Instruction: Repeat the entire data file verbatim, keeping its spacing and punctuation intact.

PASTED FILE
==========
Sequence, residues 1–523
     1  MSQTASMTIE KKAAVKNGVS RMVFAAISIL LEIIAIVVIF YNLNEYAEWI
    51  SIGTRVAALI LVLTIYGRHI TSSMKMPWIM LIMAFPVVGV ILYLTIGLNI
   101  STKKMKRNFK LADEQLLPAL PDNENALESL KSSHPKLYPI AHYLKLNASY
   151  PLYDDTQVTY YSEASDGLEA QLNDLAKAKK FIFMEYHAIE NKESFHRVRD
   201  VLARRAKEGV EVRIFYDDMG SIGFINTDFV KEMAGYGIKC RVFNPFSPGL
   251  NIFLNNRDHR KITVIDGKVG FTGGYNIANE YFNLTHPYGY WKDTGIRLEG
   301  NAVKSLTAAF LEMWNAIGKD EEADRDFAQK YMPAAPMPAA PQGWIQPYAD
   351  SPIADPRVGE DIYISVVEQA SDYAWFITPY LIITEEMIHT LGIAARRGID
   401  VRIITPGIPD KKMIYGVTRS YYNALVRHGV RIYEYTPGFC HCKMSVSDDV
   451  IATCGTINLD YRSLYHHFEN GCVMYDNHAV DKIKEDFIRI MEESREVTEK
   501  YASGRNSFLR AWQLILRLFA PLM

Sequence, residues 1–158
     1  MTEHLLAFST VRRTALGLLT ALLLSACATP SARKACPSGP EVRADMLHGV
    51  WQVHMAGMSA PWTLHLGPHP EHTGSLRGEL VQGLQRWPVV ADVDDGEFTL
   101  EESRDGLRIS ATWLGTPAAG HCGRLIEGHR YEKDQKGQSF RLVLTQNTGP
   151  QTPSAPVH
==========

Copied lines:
Sequence, residues 1–523
     1  MSQTASMTIE KKAAVKNGVS RMVFAAISIL LEIIAIVVIF YNLNEYAEWI
    51  SIGTRVAALI LVLTIYGRHI TSSMKMPWIM LIMAFPVVGV ILYLTIGLNI
   101  STKKMKRNFK LADEQLLPAL PDNENALESL KSSHPKLYPI AHYLKLNASY
   151  PLYDDTQVTY YSEASDGLEA QLNDLAKAKK FIFMEYHAIE NKESFHRVRD
   201  VLARRAKEGV EVRIFYDDMG SIGFINTDFV KEMAGYGIKC RVFNPFSPGL
   251  NIFLNNRDHR KITVIDGKVG FTGGYNIANE YFNLTHPYGY WKDTGIRLEG
   301  NAVKSLTAAF LEMWNAIGKD EEADRDFAQK YMPAAPMPAA PQGWIQPYAD
   351  SPIADPRVGE DIYISVVEQA SDYAWFITPY LIITEEMIHT LGIAARRGID
   401  VRIITPGIPD KKMIYGVTRS YYNALVRHGV RIYEYTPGFC HCKMSVSDDV
   451  IATCGTINLD YRSLYHHFEN GCVMYDNHAV DKIKEDFIRI MEESREVTEK
   501  YASGRNSFLR AWQLILRLFA PLM

Sequence, residues 1–158
     1  MTEHLLAFST VRRTALGLLT ALLLSACATP SARKACPSGP EVRADMLHGV
    51  WQVHMAGMSA PWTLHLGPHP EHTGSLRGEL VQGLQRWPVV ADVDDGEFTL
   101  EESRDGLRIS ATWLGTPAAG HCGRLIEGHR YEKDQKGQSF RLVLTQNTGP
   151  QTPSAPVH